Building a Better Springfield

Thirty years ago, all of Massachusetts was caught in the economic maelstrom that followed the exodus of manufacturers from New England. Since then, Greater Boston’s economy of ideas has turned Massachusetts into America’s fifth-richest state, while some of our cities, like Springfield, remain mired in poverty.

What should we do about the vast gulf that separates thriving Boston from faltering Springfield? Good urban policies put people ahead of place. The Springfield region has a chance for rebirth by focusing on the quality-of-life policies that attract smart, entrepreneurial people.

But revitalization is far less important than a brighter future for Springfield’s children. If we can deliver that brighter future, even if those children eventually move far from Springfield, then we shouldn’t worry if the city itself keeps shrinking.

Manufacturers once located in Springfield because of transportation advantages, including the Connecticut River and a junction of two major rail lines. Springfield’s edge in moving goods made it a center for rifles and Rolls-Royces, gas pumps and motorcycles. Urban clusters of smart people produce innovation; Springfield gave us basketball and America’s first gasoline-powered car.

As the cost of moving goods plummeted, manufacturing left New England for cheaper climes, and Springfield fell into decline. While older, colder cities with a strong skill base switched from making goods to making ideas, only 16% of Springfield’s adults have a college degree. The city hasn’t reinvented itself. Today, one-fifth of Springfield’s families are poor.

The most important response to such poverty is to invest in schools and safety. Unfortunately, most declining cities have neither the funds nor the leadership to revamp their schools.

In a move that brings great credit to both men, Gov. Deval Patrick put former rival Chris Gabrieli in charge of Springfield’s external Finance Control Board. Gabrieli combines a passion for schools with a reputation for independent competence. Perhaps he can persuade others that more spending on such troubled school districts as Springfield can be a wise investment.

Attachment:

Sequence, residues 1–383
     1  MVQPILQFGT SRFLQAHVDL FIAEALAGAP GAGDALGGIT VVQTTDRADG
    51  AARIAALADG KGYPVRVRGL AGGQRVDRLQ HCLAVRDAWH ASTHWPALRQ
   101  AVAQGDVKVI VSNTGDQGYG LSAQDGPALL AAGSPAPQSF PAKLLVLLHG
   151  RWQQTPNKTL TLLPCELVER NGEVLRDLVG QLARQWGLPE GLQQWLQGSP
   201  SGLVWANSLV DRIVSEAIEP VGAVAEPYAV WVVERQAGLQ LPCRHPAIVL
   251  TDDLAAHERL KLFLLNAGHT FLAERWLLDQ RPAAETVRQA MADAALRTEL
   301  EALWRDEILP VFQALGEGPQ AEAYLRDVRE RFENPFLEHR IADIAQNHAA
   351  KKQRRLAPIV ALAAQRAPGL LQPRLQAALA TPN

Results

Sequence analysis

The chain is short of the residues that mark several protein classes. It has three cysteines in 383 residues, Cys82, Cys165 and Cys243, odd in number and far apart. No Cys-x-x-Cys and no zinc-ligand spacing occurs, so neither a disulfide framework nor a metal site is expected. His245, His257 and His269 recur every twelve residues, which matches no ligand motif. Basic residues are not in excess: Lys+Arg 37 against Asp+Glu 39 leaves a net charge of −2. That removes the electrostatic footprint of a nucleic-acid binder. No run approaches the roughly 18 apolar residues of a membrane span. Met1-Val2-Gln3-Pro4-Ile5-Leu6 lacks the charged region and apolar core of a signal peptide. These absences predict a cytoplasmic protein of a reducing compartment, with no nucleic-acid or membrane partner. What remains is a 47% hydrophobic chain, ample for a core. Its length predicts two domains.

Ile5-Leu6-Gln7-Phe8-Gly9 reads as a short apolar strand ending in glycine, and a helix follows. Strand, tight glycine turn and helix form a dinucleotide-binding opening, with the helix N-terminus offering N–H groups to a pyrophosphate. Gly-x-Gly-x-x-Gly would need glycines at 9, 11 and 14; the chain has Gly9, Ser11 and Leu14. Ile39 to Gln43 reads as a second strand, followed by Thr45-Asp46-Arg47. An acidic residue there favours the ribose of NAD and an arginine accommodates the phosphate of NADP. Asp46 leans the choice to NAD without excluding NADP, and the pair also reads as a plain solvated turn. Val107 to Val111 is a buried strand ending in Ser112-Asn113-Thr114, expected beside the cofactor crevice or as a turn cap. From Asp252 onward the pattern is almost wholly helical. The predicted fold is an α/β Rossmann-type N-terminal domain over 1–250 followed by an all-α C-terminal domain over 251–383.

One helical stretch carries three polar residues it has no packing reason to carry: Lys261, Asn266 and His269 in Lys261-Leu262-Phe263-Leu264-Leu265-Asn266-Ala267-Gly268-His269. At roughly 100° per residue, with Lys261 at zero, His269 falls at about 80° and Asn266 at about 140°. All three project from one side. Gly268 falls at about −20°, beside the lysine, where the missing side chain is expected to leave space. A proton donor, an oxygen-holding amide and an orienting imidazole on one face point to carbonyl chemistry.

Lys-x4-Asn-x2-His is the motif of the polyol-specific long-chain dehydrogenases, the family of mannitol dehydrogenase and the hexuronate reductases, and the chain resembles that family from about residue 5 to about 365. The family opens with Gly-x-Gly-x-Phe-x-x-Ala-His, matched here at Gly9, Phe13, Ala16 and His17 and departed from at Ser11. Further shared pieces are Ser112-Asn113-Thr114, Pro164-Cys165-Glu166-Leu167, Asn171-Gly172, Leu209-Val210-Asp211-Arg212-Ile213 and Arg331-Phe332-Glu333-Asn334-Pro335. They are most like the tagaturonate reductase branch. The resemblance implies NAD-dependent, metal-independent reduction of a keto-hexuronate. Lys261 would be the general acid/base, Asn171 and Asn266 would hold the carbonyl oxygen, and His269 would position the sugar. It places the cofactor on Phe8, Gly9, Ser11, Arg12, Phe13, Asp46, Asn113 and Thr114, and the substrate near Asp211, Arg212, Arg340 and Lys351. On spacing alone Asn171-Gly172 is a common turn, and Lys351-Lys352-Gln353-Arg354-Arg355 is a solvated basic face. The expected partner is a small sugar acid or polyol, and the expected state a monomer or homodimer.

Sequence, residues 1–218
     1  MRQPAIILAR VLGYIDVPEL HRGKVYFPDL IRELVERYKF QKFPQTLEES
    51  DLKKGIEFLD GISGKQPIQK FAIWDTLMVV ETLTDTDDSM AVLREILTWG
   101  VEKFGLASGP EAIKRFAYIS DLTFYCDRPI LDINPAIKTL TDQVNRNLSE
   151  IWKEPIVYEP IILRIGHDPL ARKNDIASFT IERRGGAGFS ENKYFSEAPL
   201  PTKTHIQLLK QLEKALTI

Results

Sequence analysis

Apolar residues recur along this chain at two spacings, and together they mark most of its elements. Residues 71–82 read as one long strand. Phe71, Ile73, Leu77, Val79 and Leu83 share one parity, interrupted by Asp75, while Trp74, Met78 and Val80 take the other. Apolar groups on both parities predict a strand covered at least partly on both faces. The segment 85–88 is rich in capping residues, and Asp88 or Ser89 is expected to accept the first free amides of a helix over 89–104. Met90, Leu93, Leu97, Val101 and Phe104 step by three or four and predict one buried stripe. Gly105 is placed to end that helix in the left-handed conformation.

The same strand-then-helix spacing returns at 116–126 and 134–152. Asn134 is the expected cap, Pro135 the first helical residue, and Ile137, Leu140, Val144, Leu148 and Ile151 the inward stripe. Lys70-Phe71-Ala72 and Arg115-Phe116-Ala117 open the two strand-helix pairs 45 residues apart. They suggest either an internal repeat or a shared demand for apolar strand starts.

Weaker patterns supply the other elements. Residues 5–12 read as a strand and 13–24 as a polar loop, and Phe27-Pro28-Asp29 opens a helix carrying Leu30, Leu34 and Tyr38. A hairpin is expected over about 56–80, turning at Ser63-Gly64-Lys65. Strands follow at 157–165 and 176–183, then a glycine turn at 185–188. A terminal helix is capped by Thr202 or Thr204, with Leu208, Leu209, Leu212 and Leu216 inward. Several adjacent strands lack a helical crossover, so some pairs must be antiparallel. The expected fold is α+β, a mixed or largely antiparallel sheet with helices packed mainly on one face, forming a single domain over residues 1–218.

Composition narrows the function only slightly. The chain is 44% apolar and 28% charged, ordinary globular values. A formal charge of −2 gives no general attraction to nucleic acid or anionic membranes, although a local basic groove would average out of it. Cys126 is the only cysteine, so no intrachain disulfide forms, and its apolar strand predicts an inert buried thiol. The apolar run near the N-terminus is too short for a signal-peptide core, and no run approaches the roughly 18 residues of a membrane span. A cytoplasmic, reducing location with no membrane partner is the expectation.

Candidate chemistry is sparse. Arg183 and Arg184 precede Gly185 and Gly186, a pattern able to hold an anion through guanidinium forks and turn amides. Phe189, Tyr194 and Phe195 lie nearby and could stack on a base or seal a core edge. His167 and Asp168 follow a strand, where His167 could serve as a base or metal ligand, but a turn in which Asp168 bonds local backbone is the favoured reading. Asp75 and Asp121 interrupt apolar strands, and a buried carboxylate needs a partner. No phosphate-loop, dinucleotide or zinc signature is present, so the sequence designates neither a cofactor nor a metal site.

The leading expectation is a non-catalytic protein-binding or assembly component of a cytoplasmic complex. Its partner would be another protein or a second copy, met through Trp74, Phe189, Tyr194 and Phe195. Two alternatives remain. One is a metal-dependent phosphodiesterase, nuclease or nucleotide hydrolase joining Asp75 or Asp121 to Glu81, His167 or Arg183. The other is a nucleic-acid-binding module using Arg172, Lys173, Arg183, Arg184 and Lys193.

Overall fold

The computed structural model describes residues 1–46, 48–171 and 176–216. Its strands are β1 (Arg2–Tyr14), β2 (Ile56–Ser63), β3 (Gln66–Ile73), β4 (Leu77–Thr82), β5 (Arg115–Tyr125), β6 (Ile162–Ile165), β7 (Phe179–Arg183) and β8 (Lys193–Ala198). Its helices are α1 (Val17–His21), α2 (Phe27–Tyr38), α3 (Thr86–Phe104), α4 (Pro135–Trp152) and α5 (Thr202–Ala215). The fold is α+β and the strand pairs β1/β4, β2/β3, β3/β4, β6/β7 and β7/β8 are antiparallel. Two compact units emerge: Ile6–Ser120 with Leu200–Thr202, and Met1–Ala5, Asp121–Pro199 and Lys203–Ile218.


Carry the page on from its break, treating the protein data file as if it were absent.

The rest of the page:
Increased spending on Springfield’s schools should be tied to performance and innovation. Troubled school districts, like Springfield, must try new approaches, including embracing competition from charter schools and incentives for students and teachers.

While good regional policies for Springfield can go beyond schools, they should still focus on the human capital that is the real engine of local economies. Some people see salvation in a light rail line between Hartford and Springfield. But the era in which rail can make a city is long past. Today, the Springfield region’s modest densities make new rail lines inappropriate. Can it possibly make sense to spend hundreds of millions of dollars — money that could go toward Springfield’s children — on a rail line?

Good regional economic policy also shouldn’t try to micromanage industrial decisions. Neither I nor state officials can tell whether Springfield should invest in biotech or bikes. A better approach is to turn Springfield into a consumer city that will attract entrepreneurs who want to live there. It should follow the Providence model: attract well-educated people who are tired of high Boston prices.

Springfield has a beautiful housing stock and a region crammed with great educational institutions. If Greater Boston persists in making its housing unaffordable, then Springfield can provide an alternative. Indeed, Springfield’s future looks almost bright when we consider how unlikely it is that Greater Boston will build enough housing to meet demand.

I am rooting for Springfield, but there is no shame in decline. The region should try to revitalize itself by improving its quality of life. But it should also remember that taking good care of a smaller and smaller population is far better than chasing an unattainable return to former glory.

Edward L. Glaeser, a professor of Economics at Harvard, is director of the Rappaport Institute for Greater Boston.

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